alexa Antidepressants And Anticonvulsants Analgesic Medications In Pain Management | 6836
ISSN: 2161-1076

Surgery: Current Research
Open Access

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Antidepressants and Anticonvulsants Analgesic Medications in Pain management

International Conference and Exhibition on Surgery, Anesthesia & Trichology

Foad Elahi

Accepted Abstracts: Surgery Curr Res

DOI: 10.4172/2161-1076.S1.010

The evolution of contemporary clinical pain care dates back to the publication of Melzack and Wall?s gate control theory in the journal Science in 1965. Opioid prescriptions written by primary care practitioners and pain specialists soared, diversion became a very large problem, and deaths and emergency room visits ascribed to opioids esca?lated. There are three basic reasons for considering antidepressant medications for patients with chronic pain. First, psychiatric disorders are common in patients with severe or disabling chronic pain. Second, sleep disturbance is common, even in patients who do not meet criteria for psychiatric disorders. Third, there is evidence that certain classes of antidepressants produce pain relief separate from relief of depression or other psychiatric disorders. As a Pain Specialist I discuss the third reason. Antidepressant analgesia has been well investigated over the past two decades. Pain specialists typically discuss anticonvulsants primarily in relation to neuropathic pain, and the clearest evidence for their efficacy comes from studies of patients with this type of pain. As a first approximation, one could say that anticonvulsants should be used with enthusiasm in patients with neuropathic pain and with caution in patients with other types of pain; unfortunately, this simple rule is beguiling because the boundaries around neuropathic pain are far from clear. Although monotherapy for neuropathic pain has been reported to produce significant benefit for approximately 70% of patients the responses are often partial. As a practical matter, one will commonly encounter patients who continue to complain of significant pain despite trials on anticonvulsants, antidepressants, and other first-line agents. In this setting, combination therapy is a reasonable strategy. Unfortunately, combination therapy involving anticonvulsants has received only minimal attention in research.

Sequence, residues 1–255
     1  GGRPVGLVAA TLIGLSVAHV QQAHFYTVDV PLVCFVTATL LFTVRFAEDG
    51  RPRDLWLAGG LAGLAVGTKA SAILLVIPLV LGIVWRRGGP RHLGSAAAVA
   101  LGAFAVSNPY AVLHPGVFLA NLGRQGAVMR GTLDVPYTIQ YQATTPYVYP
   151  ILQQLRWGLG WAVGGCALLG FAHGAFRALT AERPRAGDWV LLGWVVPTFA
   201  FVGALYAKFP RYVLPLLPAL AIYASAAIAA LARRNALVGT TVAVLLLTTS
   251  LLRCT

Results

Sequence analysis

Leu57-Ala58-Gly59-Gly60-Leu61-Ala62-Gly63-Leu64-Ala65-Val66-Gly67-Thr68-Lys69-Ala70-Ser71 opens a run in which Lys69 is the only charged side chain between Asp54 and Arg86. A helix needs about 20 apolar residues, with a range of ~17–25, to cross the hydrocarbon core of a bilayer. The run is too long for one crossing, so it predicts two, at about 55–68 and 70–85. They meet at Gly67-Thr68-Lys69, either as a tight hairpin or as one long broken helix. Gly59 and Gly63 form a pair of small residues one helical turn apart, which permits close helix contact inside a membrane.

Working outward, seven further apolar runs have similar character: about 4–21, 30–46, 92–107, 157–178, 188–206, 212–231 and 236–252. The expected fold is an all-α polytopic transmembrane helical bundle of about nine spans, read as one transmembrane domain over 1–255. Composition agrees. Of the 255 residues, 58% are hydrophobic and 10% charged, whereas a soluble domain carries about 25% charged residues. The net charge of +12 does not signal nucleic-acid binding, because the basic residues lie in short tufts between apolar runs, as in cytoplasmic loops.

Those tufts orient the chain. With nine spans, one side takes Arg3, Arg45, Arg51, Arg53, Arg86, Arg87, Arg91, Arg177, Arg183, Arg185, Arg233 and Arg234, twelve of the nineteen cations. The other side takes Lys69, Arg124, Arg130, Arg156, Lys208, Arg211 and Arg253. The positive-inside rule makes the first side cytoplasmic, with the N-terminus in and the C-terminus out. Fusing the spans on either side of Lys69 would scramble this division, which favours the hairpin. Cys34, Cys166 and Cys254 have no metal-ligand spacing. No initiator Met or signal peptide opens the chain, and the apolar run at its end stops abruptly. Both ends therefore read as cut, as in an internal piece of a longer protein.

Foad Elahi is a graduate from New York Medical College. He has completed one year fellowship in pain medicine. He is currently working as associate professor at the department of anesthesia pain medicine at the University Of Iowa Carver College Of Medicine. His practice fully dedicated to acute and chronic pain management.
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